I am ashamed to say every edition of Pravda had at least one word of truth in every edition, because "Pravda" means "Truth." What does MSM mean? Moron Story Makers? I took journalsim courses and what you see today rarely represents what I learned, even if you did have to use a reed and wet clay tablet as in my day. Gave a whole new meaning to "breaking news."

Posted by: Kbob in Katy at September 5, 2009 05:09 PM

Where was this 'tell everything you know' mentality when New York Times reporter, David Rohde, was being held by the Taliban. His employer specifically asked reporting on his story be quelled in an effort to save his life. That request was honored.

It is no secret how much value and respect a majority of the mainstream media place on the men & women who serve our country. This is a glaring example of that which is why I was so bemused by those thumping their chests and declaring it a wonderful thing for the DoD to lift the ban on photographing caskets. As a former member of the media, I knew inches become miles in the blink of an eye.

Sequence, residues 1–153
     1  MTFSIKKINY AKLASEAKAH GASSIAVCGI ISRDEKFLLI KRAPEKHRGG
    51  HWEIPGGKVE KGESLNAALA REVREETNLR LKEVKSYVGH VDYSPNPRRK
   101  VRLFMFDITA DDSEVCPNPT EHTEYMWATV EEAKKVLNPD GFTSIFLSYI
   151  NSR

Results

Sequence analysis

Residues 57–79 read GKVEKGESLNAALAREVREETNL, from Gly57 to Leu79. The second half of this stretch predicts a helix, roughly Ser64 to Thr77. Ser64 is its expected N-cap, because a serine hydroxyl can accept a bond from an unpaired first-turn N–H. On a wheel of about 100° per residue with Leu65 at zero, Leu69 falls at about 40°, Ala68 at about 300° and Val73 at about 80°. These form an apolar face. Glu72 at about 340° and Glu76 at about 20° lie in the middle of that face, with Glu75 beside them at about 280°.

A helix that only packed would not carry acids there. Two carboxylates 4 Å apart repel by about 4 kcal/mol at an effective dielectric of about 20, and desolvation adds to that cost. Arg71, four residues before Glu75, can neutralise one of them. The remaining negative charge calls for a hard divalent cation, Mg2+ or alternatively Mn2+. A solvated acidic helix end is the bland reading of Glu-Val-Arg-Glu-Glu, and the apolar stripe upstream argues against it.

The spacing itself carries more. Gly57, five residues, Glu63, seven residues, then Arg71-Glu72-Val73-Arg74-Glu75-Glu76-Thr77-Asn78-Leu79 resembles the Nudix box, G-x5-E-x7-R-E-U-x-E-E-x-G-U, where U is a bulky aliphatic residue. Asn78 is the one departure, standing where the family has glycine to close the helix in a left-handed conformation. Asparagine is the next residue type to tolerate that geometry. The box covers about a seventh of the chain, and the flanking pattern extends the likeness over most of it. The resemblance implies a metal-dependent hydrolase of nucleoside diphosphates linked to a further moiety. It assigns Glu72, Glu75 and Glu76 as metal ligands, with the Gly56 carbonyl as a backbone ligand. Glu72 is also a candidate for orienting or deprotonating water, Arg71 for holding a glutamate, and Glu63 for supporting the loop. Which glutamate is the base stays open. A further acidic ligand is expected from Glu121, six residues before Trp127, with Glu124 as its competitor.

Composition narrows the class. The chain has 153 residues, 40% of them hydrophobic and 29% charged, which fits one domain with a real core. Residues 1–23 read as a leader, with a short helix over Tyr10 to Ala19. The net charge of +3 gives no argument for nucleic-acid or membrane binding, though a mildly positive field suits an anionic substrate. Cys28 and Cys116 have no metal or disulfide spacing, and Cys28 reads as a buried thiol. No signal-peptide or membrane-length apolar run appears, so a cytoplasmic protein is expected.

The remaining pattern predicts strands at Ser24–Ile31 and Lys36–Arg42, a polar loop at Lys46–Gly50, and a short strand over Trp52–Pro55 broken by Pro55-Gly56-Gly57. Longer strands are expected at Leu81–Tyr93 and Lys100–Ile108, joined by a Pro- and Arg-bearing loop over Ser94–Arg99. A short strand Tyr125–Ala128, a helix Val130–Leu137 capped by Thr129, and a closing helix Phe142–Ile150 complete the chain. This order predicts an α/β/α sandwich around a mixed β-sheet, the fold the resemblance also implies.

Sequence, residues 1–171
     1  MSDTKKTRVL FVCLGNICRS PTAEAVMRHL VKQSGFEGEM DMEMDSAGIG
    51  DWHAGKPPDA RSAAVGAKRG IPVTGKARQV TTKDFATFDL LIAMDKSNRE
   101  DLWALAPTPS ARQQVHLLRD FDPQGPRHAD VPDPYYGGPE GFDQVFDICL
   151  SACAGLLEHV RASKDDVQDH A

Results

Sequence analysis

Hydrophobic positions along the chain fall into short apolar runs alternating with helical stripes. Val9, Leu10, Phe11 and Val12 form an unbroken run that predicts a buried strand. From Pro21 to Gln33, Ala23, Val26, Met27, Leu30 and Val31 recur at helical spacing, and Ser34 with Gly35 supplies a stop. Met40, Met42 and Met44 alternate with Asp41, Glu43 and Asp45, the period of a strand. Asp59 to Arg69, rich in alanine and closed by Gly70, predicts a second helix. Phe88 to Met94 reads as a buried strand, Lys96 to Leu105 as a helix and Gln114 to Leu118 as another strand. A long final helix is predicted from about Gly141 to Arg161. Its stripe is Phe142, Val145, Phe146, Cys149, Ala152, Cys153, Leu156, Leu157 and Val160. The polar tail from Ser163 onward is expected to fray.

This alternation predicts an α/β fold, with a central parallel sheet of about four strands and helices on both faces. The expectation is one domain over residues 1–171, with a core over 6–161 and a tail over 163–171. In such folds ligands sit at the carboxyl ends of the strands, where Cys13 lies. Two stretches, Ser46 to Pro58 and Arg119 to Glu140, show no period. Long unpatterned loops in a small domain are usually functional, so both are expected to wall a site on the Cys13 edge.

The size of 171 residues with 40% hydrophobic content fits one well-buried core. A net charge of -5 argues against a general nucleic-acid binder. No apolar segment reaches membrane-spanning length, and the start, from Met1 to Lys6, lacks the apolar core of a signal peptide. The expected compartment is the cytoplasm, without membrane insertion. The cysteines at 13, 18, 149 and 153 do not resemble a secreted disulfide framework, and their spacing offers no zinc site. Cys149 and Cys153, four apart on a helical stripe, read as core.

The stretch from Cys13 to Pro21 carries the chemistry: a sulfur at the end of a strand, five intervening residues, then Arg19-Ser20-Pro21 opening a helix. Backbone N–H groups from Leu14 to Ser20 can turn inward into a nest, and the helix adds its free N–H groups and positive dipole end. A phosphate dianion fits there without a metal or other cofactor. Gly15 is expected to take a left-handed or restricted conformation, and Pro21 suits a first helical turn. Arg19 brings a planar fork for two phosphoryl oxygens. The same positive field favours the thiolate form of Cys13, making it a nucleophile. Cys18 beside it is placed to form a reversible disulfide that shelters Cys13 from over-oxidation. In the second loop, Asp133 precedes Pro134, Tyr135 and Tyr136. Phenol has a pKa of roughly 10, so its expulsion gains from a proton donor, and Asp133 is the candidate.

Thanks for writing this.

Posted by: Guard Wife at September 5, 2009 06:22 PM

Kbob, you were light years ahead of Bill. Back when he went to school they were still drawing pictures on the wall.

Posted by: Cricket at September 5, 2009 08:28 PM

DD, congratulations on learning 'rhetoric.' Now try applying some'truth' to that. As in: atrocities committed by the enemy combatants. Check out the archives at Life. Margaret Bourke-White's work. She was one of the first to photograph the death camps.

Posted by: Cricket at September 5, 2009 08:33 PM

Cricket, some of the basic texts we were taught were lessons from BillT.